But Durham should not be seen solely as blameless. Over and above the bench clearance, they must look at what role their fans played in the wake of the incident – and how the taunts and rushing to courtside could have escalated the issue – and how any misbehaviour can be cleaned up. It is claimed that Cheshire’s players were confronted post-game, with one, according to Nix sources, alleged to have been struck by a wheelchair.

The Wildcats’ statement stated that the on-court melee “has no place in sport, entertainment or society.” Neither does provocation that ventures beyond mere banter.

Let the scrutiny begin

The saga of whether British basketball will get an injection of cash from the United States continues … with both sides currently taking a detailed look at the deal on offer and the value it might represent. Although MVP understands some BBL clubs have demanded greater transparency around the BBall UK’s proposed £38 million investment if they are to take the overture seriously.

While Basketball Wales, perhaps seeing pound signs in lights, are understood to have backed the proposal put forward, Basketball England’s approval remains conditional on their review committee whose work and deadline has increasingly slowed, especially with chairman Jan Hagen and chief executive Huw Morgan thought to be under increasing pressure to step down.

With the recruitment of the independent board of the reconstituted British Basketball Federation – which is scheduled to oversee the sport from 2016 onwards – almost complete, it seems increasingly inevitable that any decision on whether to accept to reject BBall UK’s funds will be taken jointly by the BBL and the three home nations, with input from those involved in the all-new BBF.

Which is why Basketball Scotland has appointed the same financial advisors as the league to crunch the figures advanced by a New York-based equity fund that would see them buy a majority stake in the professional game, as well as snapping up the rights over the national teams and grassroots initiatives.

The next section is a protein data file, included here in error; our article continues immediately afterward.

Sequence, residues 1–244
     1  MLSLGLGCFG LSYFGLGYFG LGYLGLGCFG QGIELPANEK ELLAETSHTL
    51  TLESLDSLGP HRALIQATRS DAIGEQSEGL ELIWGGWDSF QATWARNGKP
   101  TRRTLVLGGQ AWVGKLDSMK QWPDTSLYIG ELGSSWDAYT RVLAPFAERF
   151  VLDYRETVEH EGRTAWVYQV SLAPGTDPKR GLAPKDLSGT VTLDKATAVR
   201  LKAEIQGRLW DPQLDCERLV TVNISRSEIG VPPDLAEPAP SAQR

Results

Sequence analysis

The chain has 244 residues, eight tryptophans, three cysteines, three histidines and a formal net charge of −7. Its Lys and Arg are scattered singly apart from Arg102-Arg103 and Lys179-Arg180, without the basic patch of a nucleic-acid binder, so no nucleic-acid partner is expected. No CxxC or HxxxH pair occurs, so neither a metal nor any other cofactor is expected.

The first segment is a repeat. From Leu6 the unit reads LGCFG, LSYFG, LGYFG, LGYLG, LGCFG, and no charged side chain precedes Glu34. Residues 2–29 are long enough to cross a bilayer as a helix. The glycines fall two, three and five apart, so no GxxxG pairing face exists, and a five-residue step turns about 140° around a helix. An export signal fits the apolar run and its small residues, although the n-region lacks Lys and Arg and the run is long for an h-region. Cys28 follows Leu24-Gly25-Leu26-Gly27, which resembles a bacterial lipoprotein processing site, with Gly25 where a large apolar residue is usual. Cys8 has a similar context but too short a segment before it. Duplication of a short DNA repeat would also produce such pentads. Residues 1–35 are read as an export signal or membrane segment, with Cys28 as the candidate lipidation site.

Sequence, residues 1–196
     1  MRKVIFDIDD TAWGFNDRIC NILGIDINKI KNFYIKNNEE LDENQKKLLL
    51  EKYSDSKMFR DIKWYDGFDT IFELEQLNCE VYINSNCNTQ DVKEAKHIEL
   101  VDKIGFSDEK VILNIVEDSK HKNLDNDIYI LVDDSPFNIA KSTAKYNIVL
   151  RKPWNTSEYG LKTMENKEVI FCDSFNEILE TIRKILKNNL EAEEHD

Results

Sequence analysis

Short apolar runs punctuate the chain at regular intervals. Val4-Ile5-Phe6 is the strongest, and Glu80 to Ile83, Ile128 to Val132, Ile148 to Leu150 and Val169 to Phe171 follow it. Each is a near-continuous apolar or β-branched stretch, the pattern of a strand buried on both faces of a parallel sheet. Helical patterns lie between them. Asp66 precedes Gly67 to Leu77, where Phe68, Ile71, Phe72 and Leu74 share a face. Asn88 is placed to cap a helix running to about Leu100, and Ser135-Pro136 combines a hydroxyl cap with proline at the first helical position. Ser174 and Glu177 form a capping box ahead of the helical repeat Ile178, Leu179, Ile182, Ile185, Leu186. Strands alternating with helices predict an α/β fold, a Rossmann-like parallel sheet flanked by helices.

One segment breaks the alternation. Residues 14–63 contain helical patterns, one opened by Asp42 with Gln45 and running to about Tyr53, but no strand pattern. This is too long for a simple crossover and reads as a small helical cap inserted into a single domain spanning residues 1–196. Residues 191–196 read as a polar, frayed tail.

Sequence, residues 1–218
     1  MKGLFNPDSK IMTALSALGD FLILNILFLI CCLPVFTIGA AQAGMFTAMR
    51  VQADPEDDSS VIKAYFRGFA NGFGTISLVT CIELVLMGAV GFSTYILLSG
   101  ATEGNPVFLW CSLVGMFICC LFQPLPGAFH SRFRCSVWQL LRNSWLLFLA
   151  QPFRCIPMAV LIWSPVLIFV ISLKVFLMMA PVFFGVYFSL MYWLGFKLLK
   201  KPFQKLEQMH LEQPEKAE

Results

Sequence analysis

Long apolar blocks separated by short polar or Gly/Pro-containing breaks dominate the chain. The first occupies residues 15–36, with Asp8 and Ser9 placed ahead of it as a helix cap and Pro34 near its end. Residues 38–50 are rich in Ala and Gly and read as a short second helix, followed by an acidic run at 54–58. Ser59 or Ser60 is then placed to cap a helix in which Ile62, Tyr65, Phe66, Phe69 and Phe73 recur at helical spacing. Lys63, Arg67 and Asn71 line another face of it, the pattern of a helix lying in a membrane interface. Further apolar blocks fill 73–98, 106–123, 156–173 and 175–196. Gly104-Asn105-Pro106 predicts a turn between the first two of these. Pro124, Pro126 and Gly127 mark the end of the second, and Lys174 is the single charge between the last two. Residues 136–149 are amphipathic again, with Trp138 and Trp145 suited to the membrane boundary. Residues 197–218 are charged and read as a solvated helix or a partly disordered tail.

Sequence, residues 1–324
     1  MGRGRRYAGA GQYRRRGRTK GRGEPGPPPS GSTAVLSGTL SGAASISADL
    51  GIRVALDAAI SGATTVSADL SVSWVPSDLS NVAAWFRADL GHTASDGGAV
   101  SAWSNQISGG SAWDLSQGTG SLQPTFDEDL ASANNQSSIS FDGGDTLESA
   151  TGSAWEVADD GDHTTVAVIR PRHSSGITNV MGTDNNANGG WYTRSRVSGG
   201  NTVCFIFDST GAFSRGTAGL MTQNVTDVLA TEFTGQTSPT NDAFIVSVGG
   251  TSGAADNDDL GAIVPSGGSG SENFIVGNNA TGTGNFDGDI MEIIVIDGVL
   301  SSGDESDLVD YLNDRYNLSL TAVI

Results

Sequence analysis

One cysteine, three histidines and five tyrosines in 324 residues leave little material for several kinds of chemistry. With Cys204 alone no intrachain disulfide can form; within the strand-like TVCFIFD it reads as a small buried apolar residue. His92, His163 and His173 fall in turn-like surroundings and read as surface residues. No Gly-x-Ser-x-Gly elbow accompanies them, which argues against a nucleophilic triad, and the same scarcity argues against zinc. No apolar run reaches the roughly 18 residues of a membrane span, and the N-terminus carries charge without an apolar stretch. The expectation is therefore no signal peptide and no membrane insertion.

Only a tiny share of the investment pot is earmarked for the three national governing bodies. What would be required from them for even a modest injection remains unclear.

“We don’t know what our return would be from that – and we want to understand if the projections for that are realistic, based on BBall UK’s figures,” revealed Basketball Scotland chief executive Kevin Pringle.

“We want to figure out what the long-term business case would be in terms of the value of our rights. We’re a small piece of the puzzle but we want to be well-informed.

“I don’t think they’d have any direct influence on what’s happening in Scotland. But we’d be contributing to it though the British Federation and then we may be asked to give up some of our commercial rights and put them into a central pot. They’d probably give money to BBF and then onto us by negotiation.”

Deadline busting

Manchester Giants bringing back Rob Marsden and Worcester Wolves getting belated clearance to land Lithuanian shooting guard Robertas Bitinas represented the sum total of the BBL’s pre-deadline signing moves.

But it is the Wolves possible link-up with ACB outfit Valencia which is more eye-catching a manoeuvre.

The Euroleague outfit’s sporting director, Chechu Mulero, visited the city last week to discuss a partnership which could include training camps and friendly fixtures for Valencia’s senior team in Worcester, collaborative coaching clinics and player development schemes.

“I had heard a great deal about the Basketball programme and the international reputation of Worcester before my visit,” he said.

“Having now been able to see for myself that, together with excellent facilities, the University has a very exciting programme, I can see that it is something which our Club would be happy to be associated with.”

More forward thinking from Worcester. Another avenue to bring exposure to the BBL.

Wolves Valencia

Outside shots

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BBL Insider appears every Tuesday on MVP